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03 June 2013

Monitoring the environmentA new $1.5 million initiative, led by the University of South Australia, aims to connect communities to their natural environments.

Creating Biophilic Cities through Citizen Science is a five-year long program which will see a new research unit at UniSA’s Barbara Hardy Institute conducting research, education and community engagement projects aimed at cultivating public awareness of environmental assets and issues while promoting environmental stewardship.

The program will expand on the successes of previous Citizen Science projects such as the 2012 Great Koala Count and Operation Magpie. New large-scale citizen science projects and community events will be developed following extensive community and stakeholder consultation.

Project leader, Philip Roetman, said public participation in research activities would increase community understanding of, and interaction with, local species and natural environments around South Australia and further afield.

“Whether it is examining the changing populations of local or introduced plants or animals, or what the water quality is like in a local stream, this initiative is about stimulating community engagement, enabling people to connect to their natural environment in purposeful ways,” Roetman says.

“Everyone can play a part: from outlining what concerns they have about their local environment, to collecting ecological data and sharing their own observations. New media and developing web and mobile-based technologies will further encourage community involvement.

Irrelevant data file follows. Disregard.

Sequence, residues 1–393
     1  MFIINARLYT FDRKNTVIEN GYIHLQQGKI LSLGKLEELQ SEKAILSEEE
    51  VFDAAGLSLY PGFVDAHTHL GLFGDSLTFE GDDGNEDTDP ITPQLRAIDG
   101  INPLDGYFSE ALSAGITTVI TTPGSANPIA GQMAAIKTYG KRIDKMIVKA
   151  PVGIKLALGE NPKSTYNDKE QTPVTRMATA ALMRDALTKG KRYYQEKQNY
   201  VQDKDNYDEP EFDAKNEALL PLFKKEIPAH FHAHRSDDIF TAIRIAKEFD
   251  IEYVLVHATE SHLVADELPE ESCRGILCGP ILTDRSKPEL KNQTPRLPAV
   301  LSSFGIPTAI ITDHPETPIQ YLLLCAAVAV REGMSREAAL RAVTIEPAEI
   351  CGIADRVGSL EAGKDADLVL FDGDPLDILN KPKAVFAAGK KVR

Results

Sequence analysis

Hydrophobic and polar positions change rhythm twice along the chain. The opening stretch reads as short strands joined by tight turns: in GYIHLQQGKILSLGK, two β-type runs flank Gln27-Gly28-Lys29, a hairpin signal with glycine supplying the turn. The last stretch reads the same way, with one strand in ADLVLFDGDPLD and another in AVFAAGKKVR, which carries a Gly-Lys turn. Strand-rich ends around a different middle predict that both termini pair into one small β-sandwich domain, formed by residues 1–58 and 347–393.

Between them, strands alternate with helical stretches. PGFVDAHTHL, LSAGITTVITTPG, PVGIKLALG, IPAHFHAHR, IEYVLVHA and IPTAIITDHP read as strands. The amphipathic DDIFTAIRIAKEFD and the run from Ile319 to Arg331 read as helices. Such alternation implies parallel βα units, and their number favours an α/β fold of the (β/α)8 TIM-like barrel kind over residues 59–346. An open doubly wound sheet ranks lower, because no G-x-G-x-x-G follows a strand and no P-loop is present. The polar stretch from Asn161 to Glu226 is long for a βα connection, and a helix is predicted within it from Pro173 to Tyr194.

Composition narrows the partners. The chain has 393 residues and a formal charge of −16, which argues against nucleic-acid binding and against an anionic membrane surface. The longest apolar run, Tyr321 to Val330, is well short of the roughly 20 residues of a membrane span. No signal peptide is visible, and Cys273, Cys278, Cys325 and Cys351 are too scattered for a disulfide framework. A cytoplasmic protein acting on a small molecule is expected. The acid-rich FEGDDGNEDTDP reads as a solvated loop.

“Projects will be designed to inform government planning and policy and results will be delivered back to the community for further education.

“A partnership with New Zealand’s leading research university, Victoria University of Wellington, will further underpin research into the way people engage with nature.

“We’ve also been working with local organisations on this initiative, including the Adelaide and Mt Lofty Ranges Natural Resources Management Board; the Department of Environment, Water and Natural Resources; ABC local radio; CSIRO and several local councils.

“The partnership approach is key to the success of this initiative.”

Kym Good, Regional Manager of the Adelaide and Mount Lofty Ranges Natural Resources Management Board, highlighted the community benefits of the initiative.

“We are always keen to work with the community and this Citizen Science initiative is a great way to give the community a voice about their local natural environment and to collect information that will help us make informed decisions in natural resources management.  We look forward to being involved in this exciting work,” he said.

The initiative will be launched at the Bradley Forum on June 3 with a stakeholder workshop and a memorandum of understanding, which will be signed with Victoria University of Wellington.

Further details on the initiative can be found here.

Contact: Philip Roetman office 8302 1081 email Philip.Roetman@unisa.edu.au

Media contact: Will Venn office 8302 0965 email Will.Venn@unisa.edu.au

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